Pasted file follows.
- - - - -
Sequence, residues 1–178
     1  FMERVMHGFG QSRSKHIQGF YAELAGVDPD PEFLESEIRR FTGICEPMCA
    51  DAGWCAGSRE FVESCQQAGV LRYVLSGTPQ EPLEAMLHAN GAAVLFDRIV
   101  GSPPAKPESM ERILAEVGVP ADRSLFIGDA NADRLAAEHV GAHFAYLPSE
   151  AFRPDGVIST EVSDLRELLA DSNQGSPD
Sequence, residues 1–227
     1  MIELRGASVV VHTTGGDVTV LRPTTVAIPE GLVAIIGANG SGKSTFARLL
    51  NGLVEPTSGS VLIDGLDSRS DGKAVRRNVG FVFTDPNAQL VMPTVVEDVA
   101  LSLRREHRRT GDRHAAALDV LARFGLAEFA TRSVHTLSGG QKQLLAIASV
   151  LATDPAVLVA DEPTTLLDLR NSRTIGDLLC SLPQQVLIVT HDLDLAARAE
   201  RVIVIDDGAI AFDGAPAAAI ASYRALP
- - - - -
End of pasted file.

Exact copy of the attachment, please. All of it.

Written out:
Sequence, residues 1–178
     1  FMERVMHGFG QSRSKHIQGF YAELAGVDPD PEFLESEIRR FTGICEPMCA
    51  DAGWCAGSRE FVESCQQAGV LRYVLSGTPQ EPLEAMLHAN GAAVLFDRIV
   101  GSPPAKPESM ERILAEVGVP ADRSLFIGDA NADRLAAEHV GAHFAYLPSE
   151  AFRPDGVIST EVSDLRELLA DSNQGSPD
Sequence, residues 1–227
     1  MIELRGASVV VHTTGGDVTV LRPTTVAIPE GLVAIIGANG SGKSTFARLL
    51  NGLVEPTSGS VLIDGLDSRS DGKAVRRNVG FVFTDPNAQL VMPTVVEDVA
   101  LSLRREHRRT GDRHAAALDV LARFGLAEFA TRSVHTLSGG QKQLLAIASV
   151  LATDPAVLVA DEPTTLLDLR NSRTIGDLLC SLPQQVLIVT HDLDLAARAE
   201  RVIVIDDGAI AFDGAPAAAI ASYRALP